Every CEO I know and have met works hard to plan, implement, set, and drive strategic direction and vision for the company. It comes with the territory with being a good CEO.
But only a handful of CEOs will venture beyond the hyperfocus of driving shareholder value to the uncharted terrain of engaging their workforce of human beings with heart, and not as objects in a transaction or as a means to an end (revenues and profit).
Leading with heart takes a daring and bold kind of executive--a Matt Cain type of executive. Who is Matt Cain, you say? I'll get to that in a minute.
While Cain has yet to garner the same fanfare as other Silicon Valley tech execs, he is a model stalwart for a new breed of executives that sees employees as worthy colleagues in pursuit of the same entrepreneurial goals.
Matt Cain is the CEO of Couchbase, creator of the world's first engagement database that lets users build apps with "NoSQL" databases. Under Cain's leadership, Couchbase has already been placed on the Forbes' 2018 Next Billion-Dollar Startup List, a prestigious list of companies in the U.S. recognized for most likely to hit the billion-dollar mark in the coming years.
So what is the key to Matt Cain's success that sets him apart from his peers? It's going to surprise you, maybe even make you cringe.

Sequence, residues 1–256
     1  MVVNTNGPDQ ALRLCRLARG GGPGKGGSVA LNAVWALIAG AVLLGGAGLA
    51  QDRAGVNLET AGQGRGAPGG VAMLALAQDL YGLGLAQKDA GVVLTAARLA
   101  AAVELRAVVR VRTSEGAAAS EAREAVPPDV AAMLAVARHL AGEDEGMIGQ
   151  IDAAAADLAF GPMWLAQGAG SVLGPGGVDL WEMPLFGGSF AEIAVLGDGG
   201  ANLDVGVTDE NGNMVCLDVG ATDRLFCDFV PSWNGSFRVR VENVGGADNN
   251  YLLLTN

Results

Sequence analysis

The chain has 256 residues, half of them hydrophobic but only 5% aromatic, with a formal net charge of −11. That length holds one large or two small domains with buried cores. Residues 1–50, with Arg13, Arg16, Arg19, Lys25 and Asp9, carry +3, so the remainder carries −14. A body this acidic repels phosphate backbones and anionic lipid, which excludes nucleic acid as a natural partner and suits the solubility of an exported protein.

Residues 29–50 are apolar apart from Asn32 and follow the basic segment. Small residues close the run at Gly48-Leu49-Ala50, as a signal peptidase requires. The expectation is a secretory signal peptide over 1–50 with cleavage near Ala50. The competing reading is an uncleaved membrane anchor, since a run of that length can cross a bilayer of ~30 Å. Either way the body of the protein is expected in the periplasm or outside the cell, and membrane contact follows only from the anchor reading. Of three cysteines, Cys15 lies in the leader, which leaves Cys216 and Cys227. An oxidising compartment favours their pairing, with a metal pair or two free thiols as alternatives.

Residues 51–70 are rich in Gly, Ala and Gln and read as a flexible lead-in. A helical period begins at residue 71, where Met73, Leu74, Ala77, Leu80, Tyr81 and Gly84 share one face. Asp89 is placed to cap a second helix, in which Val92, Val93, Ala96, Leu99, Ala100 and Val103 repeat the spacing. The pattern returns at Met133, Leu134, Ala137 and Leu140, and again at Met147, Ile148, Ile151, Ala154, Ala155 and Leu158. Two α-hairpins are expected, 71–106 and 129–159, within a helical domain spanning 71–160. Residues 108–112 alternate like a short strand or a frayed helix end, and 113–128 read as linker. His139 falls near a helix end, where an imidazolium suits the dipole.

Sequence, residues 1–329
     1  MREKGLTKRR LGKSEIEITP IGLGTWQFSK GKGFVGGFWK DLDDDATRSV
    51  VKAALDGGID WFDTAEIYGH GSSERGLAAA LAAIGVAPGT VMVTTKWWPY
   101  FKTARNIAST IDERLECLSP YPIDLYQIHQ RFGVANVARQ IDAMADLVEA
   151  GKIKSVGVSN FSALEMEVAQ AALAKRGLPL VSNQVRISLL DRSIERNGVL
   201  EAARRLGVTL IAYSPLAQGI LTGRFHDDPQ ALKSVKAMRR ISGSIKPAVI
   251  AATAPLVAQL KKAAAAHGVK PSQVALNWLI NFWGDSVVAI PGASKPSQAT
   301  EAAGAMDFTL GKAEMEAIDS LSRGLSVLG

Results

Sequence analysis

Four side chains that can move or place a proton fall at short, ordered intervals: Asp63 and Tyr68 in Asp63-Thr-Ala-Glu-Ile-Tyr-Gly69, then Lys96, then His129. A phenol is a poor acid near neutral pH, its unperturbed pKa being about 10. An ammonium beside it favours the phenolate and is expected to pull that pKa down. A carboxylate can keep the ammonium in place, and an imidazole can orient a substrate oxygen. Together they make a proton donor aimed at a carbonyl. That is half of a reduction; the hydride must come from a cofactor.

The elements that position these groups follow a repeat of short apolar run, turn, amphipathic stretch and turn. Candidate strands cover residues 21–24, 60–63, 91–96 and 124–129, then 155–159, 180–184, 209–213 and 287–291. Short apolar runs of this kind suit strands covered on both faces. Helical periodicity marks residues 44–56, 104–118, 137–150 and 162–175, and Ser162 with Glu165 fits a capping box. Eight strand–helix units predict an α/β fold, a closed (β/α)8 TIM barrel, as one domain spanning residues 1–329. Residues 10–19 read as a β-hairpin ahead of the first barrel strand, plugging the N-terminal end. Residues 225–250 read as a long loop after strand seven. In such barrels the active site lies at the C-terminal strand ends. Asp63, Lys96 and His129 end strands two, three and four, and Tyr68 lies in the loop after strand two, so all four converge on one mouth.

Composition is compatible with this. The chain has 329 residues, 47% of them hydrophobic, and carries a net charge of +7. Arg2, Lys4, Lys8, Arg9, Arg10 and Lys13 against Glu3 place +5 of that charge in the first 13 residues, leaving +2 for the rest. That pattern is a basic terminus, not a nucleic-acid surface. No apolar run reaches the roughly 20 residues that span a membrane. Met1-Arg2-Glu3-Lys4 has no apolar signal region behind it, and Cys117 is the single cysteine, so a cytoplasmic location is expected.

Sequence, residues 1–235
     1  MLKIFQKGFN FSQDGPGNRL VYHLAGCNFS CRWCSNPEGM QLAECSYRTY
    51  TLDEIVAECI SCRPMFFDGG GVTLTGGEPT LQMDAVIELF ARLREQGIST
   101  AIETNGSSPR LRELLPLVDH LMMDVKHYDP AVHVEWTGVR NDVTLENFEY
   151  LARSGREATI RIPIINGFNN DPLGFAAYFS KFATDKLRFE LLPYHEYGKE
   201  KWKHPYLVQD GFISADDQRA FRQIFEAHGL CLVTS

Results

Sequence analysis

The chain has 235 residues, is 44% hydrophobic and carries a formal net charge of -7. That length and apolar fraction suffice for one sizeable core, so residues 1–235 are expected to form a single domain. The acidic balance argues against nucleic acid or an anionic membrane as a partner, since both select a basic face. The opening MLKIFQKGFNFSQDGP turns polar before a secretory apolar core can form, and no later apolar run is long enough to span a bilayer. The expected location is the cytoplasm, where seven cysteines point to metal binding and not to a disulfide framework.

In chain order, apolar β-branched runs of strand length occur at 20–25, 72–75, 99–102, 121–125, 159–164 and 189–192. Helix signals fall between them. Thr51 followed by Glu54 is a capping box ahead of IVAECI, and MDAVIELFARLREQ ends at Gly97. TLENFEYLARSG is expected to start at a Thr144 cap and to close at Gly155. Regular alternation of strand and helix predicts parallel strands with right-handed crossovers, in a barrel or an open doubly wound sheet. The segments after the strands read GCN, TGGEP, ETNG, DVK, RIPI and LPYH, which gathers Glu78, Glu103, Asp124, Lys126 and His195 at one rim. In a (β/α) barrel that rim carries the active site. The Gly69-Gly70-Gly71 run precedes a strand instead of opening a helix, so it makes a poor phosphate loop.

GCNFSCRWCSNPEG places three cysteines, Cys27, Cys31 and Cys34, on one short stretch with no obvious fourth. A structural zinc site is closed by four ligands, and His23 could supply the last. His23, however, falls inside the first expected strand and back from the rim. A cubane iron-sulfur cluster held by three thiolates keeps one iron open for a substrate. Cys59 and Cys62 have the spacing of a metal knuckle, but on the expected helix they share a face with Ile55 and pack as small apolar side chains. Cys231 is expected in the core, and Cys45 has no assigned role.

Last year, I set out to discover and identify the best and most successful execs that lead their high-performing companies through what I call "love in action"--practical elements of leading through care, connection, inclusion, and belonging that elevate work cultures to another stratosphere.
Matt Cain and Couchbase answered the call. So how does today's leader motivate, inspire, and engage their workforce through "love" without forsaking results and profit? I'll let Cain explain it in his own words. Here are excerpts from my conversation with him last year.
How does an executive like yourself lead with and model practical love in a way that translates to engaging your employees for business outcomes?